The schools in Russia in the Mennonite colonies were held in German. Often a teacher was a craftsperson or herder, untrained but willing to fit teaching class around his occupation. In 1820 they started a secondary school in Orloff, with a teacher brought in from Prussia. More higher schools followed and those who wanted to pursue a further education attended universities in Switzerland, Germany and also in Russia.
Typically each village or group of villages formed an independent congregation. Each had slightly different traditions, but all believed in the fundamental Mennonite beliefs such as believer’s baptism (choosing by your own free will to be baptized, adult baptism), nonresistance (choosing not to join the military), and avoidance of oaths (“Above all, my brothers, do not swear—not by heaven or by earth or by anything else. Let your "Yes" be yes, and your "No," no, or you will be condemned.” James 5:12).
As nationalism grew in central Europe, the Russian government couldn’t justify the special status of the German colonists any longer. In 1870 they announced a plan to “Russificate” the colonists and end all special privileges by 1880. The Mennonites were worried about losing the right to stay out of the military, their German schools and their religious and cultural life as they knew it.
They sent delegates to Petersburg, but they failed to present the czar with their petition. A year later they tried again, but to no success.
Quote from Wiki: The image of Makhno as leader of the peasant uprising has been called "legendary" and a "colorful personality". However, in the view of the German and German Mennonite community in Ukraine, he was viewed as the instigator of "military ravages" against innocent farmers, an "inhuman monster" whose path is "literally drenched with blood.”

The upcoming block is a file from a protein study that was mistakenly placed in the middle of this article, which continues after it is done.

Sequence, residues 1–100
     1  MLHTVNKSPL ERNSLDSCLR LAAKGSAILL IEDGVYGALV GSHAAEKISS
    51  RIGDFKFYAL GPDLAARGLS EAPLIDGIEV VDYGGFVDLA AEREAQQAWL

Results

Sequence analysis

The Mennonites were looking for a new home. A larger migration of Mennonites from Russia occurred after World War I when in 1922-30 some 25,000 Mennonites went to Canada (21,000), Mexico, Brazil, and Paraguay. Many applied to go to Canada, but could not pass the medical exams, usually because of trachoma. The reasons for this mass migration were the threat of complete disintegration of the religious, cultural, and economic way of life of the Mennonites. A much larger number would have escaped, had not the Second World War intervened. Those that remained in their home villages were subject to exile to Siberia and other remote regions east of the Urals. From 1929 to 1940, one in eight men were removed, usually under the pretext of political accusations, to labor camps from which few ever returned or were heard from again.
My aunt, Dora Dueck, wrote a wonderful fictional novel called: Under the Still Standing Sun. It describes the start of our colony in the 1930. Here’s a link to read a review of this book.
After my parents married in the 60’s, they decided to pack up their baby daughter (my big sister, Daniela) and move to Manitoba, Canada. They lived there for a total of 11 years, in which Caroline, Me and Andrea were all born there. I went to grade school in Winnipeg and later in Calgary until I was 10. Then we moved back to Paraguay. That’s why I’m “Tri-lingual” (can you say it like that?) My first language is English, because I spoke only English until we moved here. Then I quickly learned German, because that is the main language in our schools and colony here. Then I learned Spanish in school, because it’s the language spoken in Paraguay.